Simons said the department also would like to use the money to buy new scheduling software at a cost of $39,600. He said that could save the department money by scheduling staff more efficiently. He said the money enables the department to address some far-reaching needs that the city’s current budget doesn’t meet.
“Not that we had those on the agenda to purchase, which we didn’t, but in the long term we’d have to look at some of those issues," Simons said.
Stimulus money also could help the city pay for an already-planned $67 million renovation and expansion of the wastewater treatment plant. Steve Hunt, manager of environmental services for the city, said the work will be done regardless of whether the plant receives stimulus money, but a federal grant could offset the amount the city needs from bonds and loans from the state.
“Stimulus or no, this project is still moving forward,” Hunt said. “Stimulus or no, we’re still going to get some bonds. Best-case scenario is that they’ll be able to issue those $67 million in bonds at a lower interest rate.”
Depending on the amount of stimulus funding allocated to the project, the state could loan Columbia the money interest-free, which would save the city anywhere from $670,000 to $1.34 million.
The plant has seen only minor updates since its construction in the 1980s, and it faces stricter regulations in 2010. The planned renovations are necessary in order to abide by the new regulations. The renovations would increase the efficiency and the processing capacity of the plant.
In the social services realm, the city has applied for $440,004 to expand the Missouri Option Program, which offers students ages 17 to 20 who are in danger of dropping out of high school the opportunity to earn their general equivalency diplomas, or GEDs, and to graduate with their class.
The Missouri Option Program served about 30 at-risk students in Columbia last year, but officials said 20 or more students had to be turned away because there wasn’t enough money. Stimulus money would allow 20 to 25 more students to enter the program, still short of the 75 to 80 the program eventually aims to accommodate.
Projects still seeking money
New programs and grants are announced almost weekly, and Columbia has many applications that have either been submitted or are being completed. Along with programs for fire station improvements and new sidewalks, the city has applied for $1.48 million to pay for up to six new police officer positions.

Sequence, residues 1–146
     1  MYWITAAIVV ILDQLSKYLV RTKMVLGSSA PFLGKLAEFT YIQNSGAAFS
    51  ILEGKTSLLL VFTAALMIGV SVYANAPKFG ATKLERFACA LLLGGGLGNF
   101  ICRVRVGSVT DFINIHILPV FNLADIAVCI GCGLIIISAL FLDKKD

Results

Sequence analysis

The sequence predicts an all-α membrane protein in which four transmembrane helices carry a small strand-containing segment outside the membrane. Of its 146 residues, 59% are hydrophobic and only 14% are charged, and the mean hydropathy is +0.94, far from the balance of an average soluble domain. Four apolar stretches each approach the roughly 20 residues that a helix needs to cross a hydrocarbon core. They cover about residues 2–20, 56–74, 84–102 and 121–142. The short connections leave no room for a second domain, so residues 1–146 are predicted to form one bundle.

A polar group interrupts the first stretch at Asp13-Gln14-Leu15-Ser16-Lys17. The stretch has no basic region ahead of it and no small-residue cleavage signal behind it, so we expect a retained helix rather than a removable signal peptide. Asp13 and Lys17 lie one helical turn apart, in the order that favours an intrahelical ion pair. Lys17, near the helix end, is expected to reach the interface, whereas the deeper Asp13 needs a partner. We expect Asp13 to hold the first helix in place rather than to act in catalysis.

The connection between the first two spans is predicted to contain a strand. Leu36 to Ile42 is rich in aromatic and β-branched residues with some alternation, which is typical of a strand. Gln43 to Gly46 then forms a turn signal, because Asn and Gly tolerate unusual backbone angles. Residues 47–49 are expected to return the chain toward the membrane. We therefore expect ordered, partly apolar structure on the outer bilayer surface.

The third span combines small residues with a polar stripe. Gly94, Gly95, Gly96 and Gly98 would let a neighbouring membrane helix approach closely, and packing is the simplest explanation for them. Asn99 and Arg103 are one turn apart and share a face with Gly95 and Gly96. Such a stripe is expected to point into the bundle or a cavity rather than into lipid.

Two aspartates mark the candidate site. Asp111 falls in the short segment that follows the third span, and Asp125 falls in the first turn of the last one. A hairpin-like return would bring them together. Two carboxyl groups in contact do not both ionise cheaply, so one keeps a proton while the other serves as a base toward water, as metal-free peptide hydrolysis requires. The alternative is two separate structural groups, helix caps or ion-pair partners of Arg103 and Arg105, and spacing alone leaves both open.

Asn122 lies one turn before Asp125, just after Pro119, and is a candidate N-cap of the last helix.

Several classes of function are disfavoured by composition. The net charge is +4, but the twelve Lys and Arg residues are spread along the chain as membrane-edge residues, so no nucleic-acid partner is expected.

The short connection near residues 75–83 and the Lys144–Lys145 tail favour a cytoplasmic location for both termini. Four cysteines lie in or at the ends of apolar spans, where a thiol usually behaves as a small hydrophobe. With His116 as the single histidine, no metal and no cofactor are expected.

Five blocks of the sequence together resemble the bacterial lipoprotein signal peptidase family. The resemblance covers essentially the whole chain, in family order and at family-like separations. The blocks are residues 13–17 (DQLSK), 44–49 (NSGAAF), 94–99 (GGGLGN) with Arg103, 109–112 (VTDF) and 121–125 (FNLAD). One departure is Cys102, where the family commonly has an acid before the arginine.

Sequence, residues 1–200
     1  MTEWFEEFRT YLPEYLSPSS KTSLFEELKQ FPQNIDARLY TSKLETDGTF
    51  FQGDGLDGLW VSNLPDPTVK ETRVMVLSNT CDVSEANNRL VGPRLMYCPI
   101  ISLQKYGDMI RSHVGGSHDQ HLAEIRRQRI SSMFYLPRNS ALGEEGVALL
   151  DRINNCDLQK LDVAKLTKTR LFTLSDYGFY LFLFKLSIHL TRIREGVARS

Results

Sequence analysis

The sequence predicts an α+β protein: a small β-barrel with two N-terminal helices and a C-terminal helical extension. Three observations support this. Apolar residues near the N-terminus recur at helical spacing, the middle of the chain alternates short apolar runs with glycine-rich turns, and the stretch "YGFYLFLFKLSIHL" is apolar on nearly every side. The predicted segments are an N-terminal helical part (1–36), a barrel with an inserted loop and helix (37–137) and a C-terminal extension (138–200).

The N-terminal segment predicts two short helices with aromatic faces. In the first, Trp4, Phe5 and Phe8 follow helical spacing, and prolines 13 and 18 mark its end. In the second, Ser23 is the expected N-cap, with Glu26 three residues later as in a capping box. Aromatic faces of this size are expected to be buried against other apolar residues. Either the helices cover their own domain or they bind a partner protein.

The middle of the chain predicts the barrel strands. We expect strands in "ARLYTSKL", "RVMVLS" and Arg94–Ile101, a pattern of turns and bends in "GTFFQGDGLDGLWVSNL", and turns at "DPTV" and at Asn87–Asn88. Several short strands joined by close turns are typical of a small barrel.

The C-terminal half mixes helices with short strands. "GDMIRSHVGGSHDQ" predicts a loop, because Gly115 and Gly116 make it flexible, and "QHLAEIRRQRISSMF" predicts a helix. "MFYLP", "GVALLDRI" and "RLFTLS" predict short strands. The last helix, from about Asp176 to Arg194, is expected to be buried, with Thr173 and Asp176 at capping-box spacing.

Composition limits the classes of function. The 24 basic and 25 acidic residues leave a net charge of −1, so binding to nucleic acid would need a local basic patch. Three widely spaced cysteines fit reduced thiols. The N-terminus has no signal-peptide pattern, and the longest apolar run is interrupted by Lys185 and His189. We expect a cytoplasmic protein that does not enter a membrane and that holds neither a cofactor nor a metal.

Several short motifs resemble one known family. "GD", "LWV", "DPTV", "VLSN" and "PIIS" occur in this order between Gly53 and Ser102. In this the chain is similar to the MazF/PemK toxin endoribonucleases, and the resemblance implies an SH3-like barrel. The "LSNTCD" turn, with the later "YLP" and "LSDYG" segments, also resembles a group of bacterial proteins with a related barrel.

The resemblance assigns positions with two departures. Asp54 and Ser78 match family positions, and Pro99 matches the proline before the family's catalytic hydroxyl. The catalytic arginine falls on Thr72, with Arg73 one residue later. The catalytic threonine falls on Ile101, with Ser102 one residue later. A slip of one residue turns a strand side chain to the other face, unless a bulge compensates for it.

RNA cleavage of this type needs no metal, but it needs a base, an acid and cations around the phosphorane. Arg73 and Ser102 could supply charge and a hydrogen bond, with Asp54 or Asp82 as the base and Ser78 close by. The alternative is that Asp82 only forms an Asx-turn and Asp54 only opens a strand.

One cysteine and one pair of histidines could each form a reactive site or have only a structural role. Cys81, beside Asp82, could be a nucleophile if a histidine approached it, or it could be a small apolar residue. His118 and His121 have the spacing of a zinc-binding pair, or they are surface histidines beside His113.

The Community Oriented Policing Services Hiring Recovery Program is a $1 billion allocation from the U.S. Department of Justice that aims to help police departments maintain their staffs.
“This is a very competitive grant, and there are communities across the country that are facing layoffs,” Simons said. “As far as I know, we’re not seeing that here.”
If the city receives money from the program, the federal government would pay three years’ worth of starting salary for each of the new positions. After that, the salaries would become the responsibility of the city. The grant money stipulates that those positions must be maintained for at least one year by the city.
“Hopefully we’ll be well beyond this economic downturn and it won’t be an issue at that point,” Simons said.
The Columbia Fire Department anticipates applying for a grant from the Assistance to Firefighters Grant Program sometime in June, said Laura Deneke, administrative officer for the Fire Department. The grant would pay for remodeling one or more fire stations and allow the Fire Department to hire additional firefighters.
Three fire stations — one each on Ballenger Lane, Chapel Hill Road and Oakland Gravel Road — are being considered for renovations, but the Ballenger station is at the top of the list. Deneke said several road projects in the Ballenger Lane area will make the station’s current configuration inefficient. Remodeling would allow for quicker exits and faster response times.
The exact number of firefighters the grant might finance remains unknown until the federal government announces the specifics of the program.
As part of the application process, the Fire Department must submit detailed plans for the stations it wants to remodel. That means the city must hire an engineer. Hertwig Hopkins said those sorts of requirements can create problems.
“The downside of some of that is that if you put the money upfront to design a project and you don’t get the award, the design is still good but now you’ve expended maybe a quarter of a million dollars,” Hertwig Hopkins said.